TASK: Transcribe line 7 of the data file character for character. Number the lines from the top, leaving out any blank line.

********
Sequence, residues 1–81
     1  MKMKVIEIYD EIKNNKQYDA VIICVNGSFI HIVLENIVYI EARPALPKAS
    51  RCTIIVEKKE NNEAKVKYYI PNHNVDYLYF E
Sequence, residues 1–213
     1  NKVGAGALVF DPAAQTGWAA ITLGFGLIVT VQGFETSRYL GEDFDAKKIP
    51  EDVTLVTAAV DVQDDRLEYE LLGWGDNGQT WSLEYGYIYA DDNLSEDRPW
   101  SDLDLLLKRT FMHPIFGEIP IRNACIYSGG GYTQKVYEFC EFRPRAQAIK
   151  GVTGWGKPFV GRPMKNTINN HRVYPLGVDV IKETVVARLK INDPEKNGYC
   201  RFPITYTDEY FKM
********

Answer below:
   101  SDLDLLLKRT FMHPIFGEIP IRNACIYSGG GYTQKVYEFC EFRPRAQAIK